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Comet Hartley 2 - TMB 92

© 2014 Klaus Brasch






The following was retrieved from Wikipedia, the free encyclopedia, at http://en.wikipedia.org/wiki/103P/Hartley_2 on March 1, 2014

Comet Hartley 2

"Comet Hartley 2, designated as 103P/Hartley by the Minor Planet Center, is a small periodic comet with an orbital period of 6.46 years. It was discovered by Malcolm Hartley in 1986 at the Schmidt Telescope Unit, Siding Spring Observatory, Australia. Its diameter is estimated to be 1.2 to 1.6 kilometres (0.75 to 0.99 mi).

Hartley 2 was the target of a flyby of the Deep Impact spacecraft, as part of the EPOXI mission, on 4 November 2010, which was able to approach within 700 kilometers (430 mi) of Hartley 2 as part of its extended mission. As of November 2010 Hartley 2 is the smallest comet which has been visited. It is the fifth comet visited by spacecraft, and the second comet visited by the Deep Impact spacecraft, which first visited comet Tempel 1 on 4 July 2005.

Comet Hartley 2 is a small Jupiter-family comet having an orbital period of 6.46 years. It was discovered by Malcolm Hartley in 1986 at the Schmidt Telescope Unit, Siding Spring Observatory, Australia. It has the perihelion near the Earth's orbit at 1.05 AU from the Sun.

The comet passed within 0.12 AU (18,000,000 km; 11,000,000 mi) of Earth on 20 October 2010, only eight days before coming to perihelion (closest approach to the Sun) on 28 October 2010. Throughout North America, during early November 2010, the comet was visible around midnight without interference from the Moon.

Despite its current close passage by Earth's orbit, the comet is not yet a known source of meteor showers. However, that could change. Dust trails from the recent returns of 103P/Hartley 2 move in and out of Earth's orbit, and the 1979-dust trail is expected to hit in 2062 and 2068.

After the 2010 perihelion passage, not accounting for nongravitational forces, Hartley 2 is estimated to come back to perihelion around 20 April 2017."

The license terms of this written work from Wikipedia may be found at http://creativecommons.org/licenses/by-sa/3.0/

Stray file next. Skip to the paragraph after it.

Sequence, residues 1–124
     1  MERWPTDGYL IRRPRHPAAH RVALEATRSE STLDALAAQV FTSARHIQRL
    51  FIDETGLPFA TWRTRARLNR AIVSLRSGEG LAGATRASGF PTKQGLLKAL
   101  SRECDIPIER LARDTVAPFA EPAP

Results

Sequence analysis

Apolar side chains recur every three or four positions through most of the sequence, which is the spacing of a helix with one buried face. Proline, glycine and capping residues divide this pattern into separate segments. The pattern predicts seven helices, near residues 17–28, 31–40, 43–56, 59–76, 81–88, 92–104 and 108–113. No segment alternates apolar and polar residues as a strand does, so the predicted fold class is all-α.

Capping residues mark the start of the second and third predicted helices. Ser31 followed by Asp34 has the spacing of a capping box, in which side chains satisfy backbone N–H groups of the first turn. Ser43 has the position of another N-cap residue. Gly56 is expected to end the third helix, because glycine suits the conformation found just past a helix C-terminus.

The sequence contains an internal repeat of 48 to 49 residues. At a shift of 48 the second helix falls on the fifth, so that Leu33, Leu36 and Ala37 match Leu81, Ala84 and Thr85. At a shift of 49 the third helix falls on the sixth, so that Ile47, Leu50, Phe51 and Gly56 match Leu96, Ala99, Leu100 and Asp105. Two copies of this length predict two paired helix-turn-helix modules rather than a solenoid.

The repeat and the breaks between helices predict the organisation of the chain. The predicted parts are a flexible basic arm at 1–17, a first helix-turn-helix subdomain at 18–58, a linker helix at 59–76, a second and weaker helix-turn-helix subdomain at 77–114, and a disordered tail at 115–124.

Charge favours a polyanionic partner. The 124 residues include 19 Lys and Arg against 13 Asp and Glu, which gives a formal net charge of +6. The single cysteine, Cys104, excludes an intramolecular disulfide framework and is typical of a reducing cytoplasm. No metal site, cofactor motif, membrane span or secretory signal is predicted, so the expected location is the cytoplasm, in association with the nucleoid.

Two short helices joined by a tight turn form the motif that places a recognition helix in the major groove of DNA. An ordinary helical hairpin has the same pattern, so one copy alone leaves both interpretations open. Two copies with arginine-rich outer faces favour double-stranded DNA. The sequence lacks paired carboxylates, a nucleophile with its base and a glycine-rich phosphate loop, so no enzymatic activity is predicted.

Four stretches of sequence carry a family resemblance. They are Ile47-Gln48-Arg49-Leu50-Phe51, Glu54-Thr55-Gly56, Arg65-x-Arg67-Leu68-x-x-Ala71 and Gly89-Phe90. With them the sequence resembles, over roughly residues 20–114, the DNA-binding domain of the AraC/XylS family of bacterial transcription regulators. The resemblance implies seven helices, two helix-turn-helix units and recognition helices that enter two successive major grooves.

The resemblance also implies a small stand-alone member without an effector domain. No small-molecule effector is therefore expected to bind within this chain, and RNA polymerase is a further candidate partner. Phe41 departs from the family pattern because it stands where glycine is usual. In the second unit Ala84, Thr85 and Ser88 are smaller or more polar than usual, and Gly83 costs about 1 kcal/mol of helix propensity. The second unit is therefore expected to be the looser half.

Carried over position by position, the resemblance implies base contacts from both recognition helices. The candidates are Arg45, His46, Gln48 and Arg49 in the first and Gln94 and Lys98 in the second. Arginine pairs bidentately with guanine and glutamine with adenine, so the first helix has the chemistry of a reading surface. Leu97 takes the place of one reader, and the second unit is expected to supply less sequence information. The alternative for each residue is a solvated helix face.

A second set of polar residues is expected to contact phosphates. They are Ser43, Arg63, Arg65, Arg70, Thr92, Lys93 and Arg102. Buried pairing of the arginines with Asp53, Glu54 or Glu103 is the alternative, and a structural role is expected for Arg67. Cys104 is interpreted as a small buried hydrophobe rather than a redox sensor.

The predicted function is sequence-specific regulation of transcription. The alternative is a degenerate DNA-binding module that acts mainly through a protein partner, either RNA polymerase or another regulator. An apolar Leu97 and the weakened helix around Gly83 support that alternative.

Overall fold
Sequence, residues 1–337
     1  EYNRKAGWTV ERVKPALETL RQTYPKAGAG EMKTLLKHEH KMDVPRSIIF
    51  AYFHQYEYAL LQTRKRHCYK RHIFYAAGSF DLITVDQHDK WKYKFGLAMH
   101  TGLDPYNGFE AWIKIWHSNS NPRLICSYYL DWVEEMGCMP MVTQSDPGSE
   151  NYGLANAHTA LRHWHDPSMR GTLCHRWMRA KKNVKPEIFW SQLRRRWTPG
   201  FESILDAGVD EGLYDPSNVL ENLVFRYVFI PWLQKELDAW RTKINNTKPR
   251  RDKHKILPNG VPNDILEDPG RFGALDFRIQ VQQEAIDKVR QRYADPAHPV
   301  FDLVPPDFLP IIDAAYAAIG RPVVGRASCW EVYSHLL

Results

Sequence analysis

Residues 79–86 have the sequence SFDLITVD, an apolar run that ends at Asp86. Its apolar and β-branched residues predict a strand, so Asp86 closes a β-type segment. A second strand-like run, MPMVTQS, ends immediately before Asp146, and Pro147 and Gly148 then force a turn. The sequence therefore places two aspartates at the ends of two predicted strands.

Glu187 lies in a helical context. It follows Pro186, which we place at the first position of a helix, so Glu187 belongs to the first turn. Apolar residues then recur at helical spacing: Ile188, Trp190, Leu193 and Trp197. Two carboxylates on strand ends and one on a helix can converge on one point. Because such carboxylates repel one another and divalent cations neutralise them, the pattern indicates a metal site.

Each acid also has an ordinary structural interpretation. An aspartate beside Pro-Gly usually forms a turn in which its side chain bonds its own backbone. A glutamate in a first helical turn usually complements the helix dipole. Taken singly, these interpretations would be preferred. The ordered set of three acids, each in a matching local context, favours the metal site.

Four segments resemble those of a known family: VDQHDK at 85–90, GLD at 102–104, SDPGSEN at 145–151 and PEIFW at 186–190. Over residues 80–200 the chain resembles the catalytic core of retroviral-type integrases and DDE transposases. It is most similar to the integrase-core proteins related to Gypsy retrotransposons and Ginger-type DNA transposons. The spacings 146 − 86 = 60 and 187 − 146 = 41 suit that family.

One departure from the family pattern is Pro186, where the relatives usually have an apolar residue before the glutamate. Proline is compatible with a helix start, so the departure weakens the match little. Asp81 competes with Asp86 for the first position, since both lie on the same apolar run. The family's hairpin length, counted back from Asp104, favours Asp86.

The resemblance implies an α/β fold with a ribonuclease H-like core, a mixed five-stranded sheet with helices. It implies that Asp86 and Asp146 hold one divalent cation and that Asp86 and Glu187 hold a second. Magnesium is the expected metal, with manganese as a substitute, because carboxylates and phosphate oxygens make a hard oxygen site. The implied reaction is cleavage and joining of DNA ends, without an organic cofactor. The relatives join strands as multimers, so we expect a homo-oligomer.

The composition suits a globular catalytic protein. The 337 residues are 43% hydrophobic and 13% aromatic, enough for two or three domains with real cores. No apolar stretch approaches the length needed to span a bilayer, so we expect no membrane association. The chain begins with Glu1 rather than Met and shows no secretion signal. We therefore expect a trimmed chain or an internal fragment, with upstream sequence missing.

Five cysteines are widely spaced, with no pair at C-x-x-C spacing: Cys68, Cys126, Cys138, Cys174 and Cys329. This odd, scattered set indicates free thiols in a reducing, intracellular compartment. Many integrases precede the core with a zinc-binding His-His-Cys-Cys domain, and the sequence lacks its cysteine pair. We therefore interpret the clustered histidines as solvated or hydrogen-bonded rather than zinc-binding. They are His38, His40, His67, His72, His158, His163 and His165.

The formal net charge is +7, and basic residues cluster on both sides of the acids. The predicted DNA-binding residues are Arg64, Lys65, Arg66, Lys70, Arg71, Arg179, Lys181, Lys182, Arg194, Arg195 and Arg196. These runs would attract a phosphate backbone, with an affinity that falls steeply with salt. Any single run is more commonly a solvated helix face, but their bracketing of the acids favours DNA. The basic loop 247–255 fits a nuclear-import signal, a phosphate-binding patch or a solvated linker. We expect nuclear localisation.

The following was retrieved from Wikipedia, the free encyclopedia, at http://en.wikipedia.org/wiki/Comet_Hartley on March 1, 2014

Malcolm Hartley

"Malcolm Hartley is an English-born astronomer currently based in the Siding Spring Observatory in Australia. He's best known for his discovery and co-discovery of 8 comets in the 1980s, among them 79P/du Toit-Hartley, 80P/Peters-Hartley, 100P/Hartley 1, 103P/Hartley 2, 110P/Hartley 3, and C/1984 W2 (Hartley). Unfortunately for Hartley, in 2002, "the Anglo-Australian Observatory retrofitted its Schmidt to perform multi-object spectroscopy, essentially halting all astrophotography with the telescope and ending any future possibility for comet discovery".

Hartley visited the NASA JPL facility in Pasadena, CA, in November 2010 to witness the EPOXI mission flyby of comet 103P/Hartley 2 on 4 November 2010. Media articles and photos are available at http://www.jpl.nasa.gov/news/news.cfm?release=2010-368. This includes a photograph of Malcolm Hartley.

The asteroid 4768 Hartley (1988 PH1) was named in his honour, being deputy astronomer of the U.K. Schmidt telescope at Siding Spring, with which this minor planet was discovered."

The license terms of this written work from Wikipedia may be found at http://creativecommons.org/licenses/by-sa/3.0/





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